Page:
Monday 22nd February marked 34 years since the death of the great Andy Warhol. Despite the artist passing over three decades ago, his legacy and influence on the art world remains as strong as ever. To honour the ‘king of pop art’, we take a look at the enigmatic figure behind the canvas and explore seven things that are not commonly known about the globally renowned artist.
ANDY WARHOL PHOTOGRAPHED WITH MEMENTO MORI, 1975
Andy Warhol’s real name was Andrew Warhola. The artist’s parents were Slovakian immigrants that had emigrated in the 1920s to America. Despite Warhol himself having been born in Pittsburgh, the artist was conscious that his surname sounded foreign and began toying with the idea of changing it throughout his college years. However, it was not until the artist completed his first ever commissioned work in the 1950s that he officially decided to make the change. Dropping the ‘a’, the artist signed his first ever illustration as Andy Warhol and subsequently, the star was born.
His famous studio ‘The Factory’ moved location three times
Warhol’s ‘Factory’ is well-known by many as the studio in which the artist created some of his greatest works. Whilst always remaining in New York City, it is not widely known that the location of ‘The Factory’ actually changed three times throughout his career. The first ‘Factory’ was also colloquially named ‘The Silver Factory’ as Warhol decorated the abandoned space on East 47th street with tin foil and broken mirrors, a rare insight into the artists interior design choices!
ANDY WARHOL, THE NEW SPIRIT (DONALD DUCK), 1985
He was nominated for a Grammy
Throughout his career, Warhol often turned his hand to alternative practices including a career in film, installation art and the creation of several album artworks. In 1971, Warhol and designer Craig Braun created a cover for The Rolling Stones’ latest album, Sticky Fingers. Featuring an up-close print of a pair of jeans, the cover was completed with a working zipper. That same year, Warhol and Braun were nominated for a Grammy Award for Best Recording Package but unfortunately, their revolutionary cover lost to Pollution, a record cover featuring a chick wearing a gas mask.
STICKY FINGERS ALBUM COVER BY THE ROLLING STONES CREATED BY ANDY WARHOL
Renowned for creating the social concept of ‘15 minutes of fame,’ Warhol had a complex attitude to the theme of celebrity. Despite being fascinated with macabre idea of cult celebrity and obsessive fans, Warhol had many famous friends himself and would regularly party in Studio 54 with Hollywood stars, including David Bowie, Madonna and Mick Jagger, to name just a few.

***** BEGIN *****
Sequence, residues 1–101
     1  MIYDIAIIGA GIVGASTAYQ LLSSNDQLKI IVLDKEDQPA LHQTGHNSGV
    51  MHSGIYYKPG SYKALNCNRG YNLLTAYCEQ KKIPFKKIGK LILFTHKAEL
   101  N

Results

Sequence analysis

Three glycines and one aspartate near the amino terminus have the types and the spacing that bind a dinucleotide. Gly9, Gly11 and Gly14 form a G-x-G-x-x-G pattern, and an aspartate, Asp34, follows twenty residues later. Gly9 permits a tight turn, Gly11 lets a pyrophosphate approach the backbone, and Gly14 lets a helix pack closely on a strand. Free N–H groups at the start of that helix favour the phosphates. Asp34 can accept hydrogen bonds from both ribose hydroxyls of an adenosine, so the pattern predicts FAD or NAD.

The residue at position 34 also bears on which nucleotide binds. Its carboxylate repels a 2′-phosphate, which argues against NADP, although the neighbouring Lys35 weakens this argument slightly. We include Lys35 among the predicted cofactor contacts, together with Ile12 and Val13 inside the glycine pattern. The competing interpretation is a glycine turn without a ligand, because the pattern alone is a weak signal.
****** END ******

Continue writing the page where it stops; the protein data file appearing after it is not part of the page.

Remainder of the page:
He collaborated with Keith Haring
Known as the pioneer of pop, Warhol undoubtedly introduced and established pop art in the United States. His influence was far-reaching and artists in the United States as well as further afield began to adopt elements of his style. One such creative was street artist Keith Haring. Influenced by the bold bright colours Warhol used, Haring adopted the palette of pop whilst still rendering work in his distinctive street art style. The pair would go on to collaborate in the late 1980s, signalling a true fusion of pop and street art.
Haring was not the only street artist Warhol collaborated with. In the early 1980s, Warhol and Jean-Michel Basquiat struck up an unlikely friendship. Both creative geniuses of their time, their turbulent friendship produced incredible artwork and even more incredible stories. Their partnership has been the subject of many research projects, as well as more recently a best-selling book, Warhol on Basquiat, published in collaboration with the Andy Warhol Foundation and Jean-Michel Basquiat’s estate.
On 3rd June 1968, Warhol was shot by Valerie Solanas, an acquaintance of Warhol’s who had become delusional and obsessive. After weeks of threats and demands, Solanas arrived at Warhol’s office and shot the artist twice. Despite two bullets tearing through Warhol’s stomach, liver, spleen, oesophagus and lungs, Warhol thankfully survived. Unfortunately, Warhol continued to suffer with complications resulting from the gunshot wounds for the remainder of his life, and as a result, died from causes exacerbated by his injuries 19 years later. Warhol’s attempted assassination marks a turning point in his career as the artist swiftly became both paranoid and introspective. Following 1968, many of his followers and critics observed a marked shift in the philosophical undercurrent of Warhol’s work. This change was testament to the extent in which Warhol’s near-death experience continued to haunt him, not only for the remainder of his career, but also sadly his life.